When asked if there are any plans to reinstate the route, Air Canada said in a series of emailed statements that the pandemic forced the company to extend the suspension of that flight route until further notice. 

“At this time, Air Canada does not have plans to add any international flying out of St. John’s,” one statement read. 

As for WestJet’s flights to the U.K., public relations manager Morgan Bell said the decision to end those in 2018 comes down to the numbers.

“Cancelling flights is essentially always our last resort,” she said. “That route simply wasn’t performing to expectations. Frankly, there wasn’t enough guests on that plane to continue to operate it, so unfortunately it was cancelled.”

Halifax becoming ‘Atlantic Gateway’ to Europe

Both WestJet and Air Canada say there are no immediate plans to bring back a direct flight between St. John’s and the U.K. (Darryl Dyck/The Canadian Press)

From a geographical point of view, it’s easy enough to look at a map and think St. John’s, as the easternmost point in Canada and therefore the shortest distance to our neighbours across the pond, would make a logical location for a direct flight to Europe.

Instead, WestJet has positioned Halifax’s Stanfield Airport as what it calls the “Atlantic Gateway” to Europe.

Bell says the decision to make Halifax the centre for European flights goes beyond the specific demands of the St. John’s market, and has more to do with large scale scheduling for a complicated “hub and spoke” network of interprovincial and international flights.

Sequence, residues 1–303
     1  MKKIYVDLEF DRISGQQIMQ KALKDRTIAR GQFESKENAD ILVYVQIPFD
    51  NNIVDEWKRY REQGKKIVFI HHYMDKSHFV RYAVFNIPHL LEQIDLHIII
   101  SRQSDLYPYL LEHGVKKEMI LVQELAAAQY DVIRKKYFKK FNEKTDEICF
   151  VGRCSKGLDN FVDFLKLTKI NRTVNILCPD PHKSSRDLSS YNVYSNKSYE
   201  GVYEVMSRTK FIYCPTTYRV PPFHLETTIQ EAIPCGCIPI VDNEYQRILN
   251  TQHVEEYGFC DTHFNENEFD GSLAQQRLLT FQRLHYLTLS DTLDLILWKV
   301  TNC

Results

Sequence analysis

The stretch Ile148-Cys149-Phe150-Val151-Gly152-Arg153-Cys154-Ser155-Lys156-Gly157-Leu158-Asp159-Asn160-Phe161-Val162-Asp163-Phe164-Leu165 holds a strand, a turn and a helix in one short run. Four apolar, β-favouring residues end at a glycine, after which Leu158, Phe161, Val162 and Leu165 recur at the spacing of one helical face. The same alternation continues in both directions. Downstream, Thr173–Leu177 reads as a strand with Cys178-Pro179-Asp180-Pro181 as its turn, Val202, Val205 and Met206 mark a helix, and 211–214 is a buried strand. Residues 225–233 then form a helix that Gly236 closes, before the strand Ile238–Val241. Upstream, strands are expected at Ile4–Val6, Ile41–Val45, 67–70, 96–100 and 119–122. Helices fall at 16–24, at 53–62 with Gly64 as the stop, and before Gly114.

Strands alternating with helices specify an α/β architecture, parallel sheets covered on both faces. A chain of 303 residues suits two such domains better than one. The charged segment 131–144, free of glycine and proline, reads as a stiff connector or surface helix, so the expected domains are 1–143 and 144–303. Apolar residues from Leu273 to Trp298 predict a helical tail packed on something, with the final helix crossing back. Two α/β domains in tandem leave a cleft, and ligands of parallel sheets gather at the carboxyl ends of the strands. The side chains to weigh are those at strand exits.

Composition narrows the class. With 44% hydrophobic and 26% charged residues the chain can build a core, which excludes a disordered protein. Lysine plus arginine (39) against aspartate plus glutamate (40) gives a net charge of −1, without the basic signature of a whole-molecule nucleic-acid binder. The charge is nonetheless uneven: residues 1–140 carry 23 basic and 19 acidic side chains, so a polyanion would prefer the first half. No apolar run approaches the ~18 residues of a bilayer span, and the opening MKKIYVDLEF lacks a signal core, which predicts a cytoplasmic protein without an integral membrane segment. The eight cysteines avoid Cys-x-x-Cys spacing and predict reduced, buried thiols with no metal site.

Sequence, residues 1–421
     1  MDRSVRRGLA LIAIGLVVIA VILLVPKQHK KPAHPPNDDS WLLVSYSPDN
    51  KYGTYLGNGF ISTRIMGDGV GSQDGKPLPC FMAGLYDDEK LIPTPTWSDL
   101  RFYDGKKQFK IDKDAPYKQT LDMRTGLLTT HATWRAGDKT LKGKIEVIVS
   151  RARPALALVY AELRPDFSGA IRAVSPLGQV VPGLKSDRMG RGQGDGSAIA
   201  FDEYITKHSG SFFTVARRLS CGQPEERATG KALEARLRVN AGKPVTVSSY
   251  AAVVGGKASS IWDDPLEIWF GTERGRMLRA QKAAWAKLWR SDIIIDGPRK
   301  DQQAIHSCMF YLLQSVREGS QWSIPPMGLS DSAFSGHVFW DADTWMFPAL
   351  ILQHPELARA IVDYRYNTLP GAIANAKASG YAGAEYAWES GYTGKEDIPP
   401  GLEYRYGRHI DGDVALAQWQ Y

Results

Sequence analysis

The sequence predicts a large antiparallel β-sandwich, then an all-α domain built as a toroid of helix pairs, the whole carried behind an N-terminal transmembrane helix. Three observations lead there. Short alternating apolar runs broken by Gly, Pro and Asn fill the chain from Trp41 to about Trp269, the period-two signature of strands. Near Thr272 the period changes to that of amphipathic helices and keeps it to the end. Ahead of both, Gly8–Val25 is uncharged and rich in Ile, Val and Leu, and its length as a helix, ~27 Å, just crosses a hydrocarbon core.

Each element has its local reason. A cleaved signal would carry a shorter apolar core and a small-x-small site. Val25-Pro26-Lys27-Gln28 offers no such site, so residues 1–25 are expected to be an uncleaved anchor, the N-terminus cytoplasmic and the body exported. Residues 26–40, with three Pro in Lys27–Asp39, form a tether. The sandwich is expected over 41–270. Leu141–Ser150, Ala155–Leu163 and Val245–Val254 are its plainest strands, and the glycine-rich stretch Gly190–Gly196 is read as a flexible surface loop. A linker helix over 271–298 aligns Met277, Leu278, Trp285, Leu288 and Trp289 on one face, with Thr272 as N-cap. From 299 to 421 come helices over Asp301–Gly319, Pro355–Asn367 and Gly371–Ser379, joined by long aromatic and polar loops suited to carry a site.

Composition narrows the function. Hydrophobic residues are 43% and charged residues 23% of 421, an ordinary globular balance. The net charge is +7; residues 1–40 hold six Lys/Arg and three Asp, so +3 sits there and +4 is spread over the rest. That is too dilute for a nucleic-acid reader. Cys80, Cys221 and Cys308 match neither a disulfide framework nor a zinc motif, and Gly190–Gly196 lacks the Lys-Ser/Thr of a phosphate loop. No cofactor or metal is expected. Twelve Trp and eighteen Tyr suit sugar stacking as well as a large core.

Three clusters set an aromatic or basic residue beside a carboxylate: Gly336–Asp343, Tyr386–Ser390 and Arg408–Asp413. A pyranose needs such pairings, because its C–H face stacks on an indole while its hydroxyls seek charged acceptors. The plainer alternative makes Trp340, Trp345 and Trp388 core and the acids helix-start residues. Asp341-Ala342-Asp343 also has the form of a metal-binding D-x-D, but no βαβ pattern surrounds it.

“When you ultimately are starting at that very, very eastern point of the country, you’re missing all of those westbound connections,” she said. “The frequency and connections and timing of flights that land in that region pull in people from east and west at all times of the day.”

And as borders open up, Halifax will continue to act as WestJet’s European gateway, offering flights to Paris, London Gatwick, Dublin, and Glasgow, in some cases multiple times per week, beginning in May. 

WestJet also recently announced that it will begin weekly seasonal service from St. John’s to Orlando on April 2. 

N.L. flights to Europe a ‘huge’ potential market

The irony of having very few international flights servicing an airport with “International” in its name is not lost on Lisa Bragg.

As COVID-19 travel restrictions ease, St. John’s International Airport is looking forward to seeing more passengers and air traffic. (Gary Locke/CBC)

She said the airport authority has ongoing conversations with domestic and international carriers, looking for opportunities to bring more routes to the people of this province.

That process, however, takes time. 

Pre-pandemic, Bragg says new international routes could take a couple of years to set up. But that’s changing with the lifting of international travel restrictions. 

She says airlines are speeding up their timelines for planning new flights, which could actually work to the benefit of an airport ready and eager to welcome more direct flights to and from other countries.

“We’ve done our homework. Businesses really want to see that, let alone visiting friends and relatives and tourism, which is also a huge market.”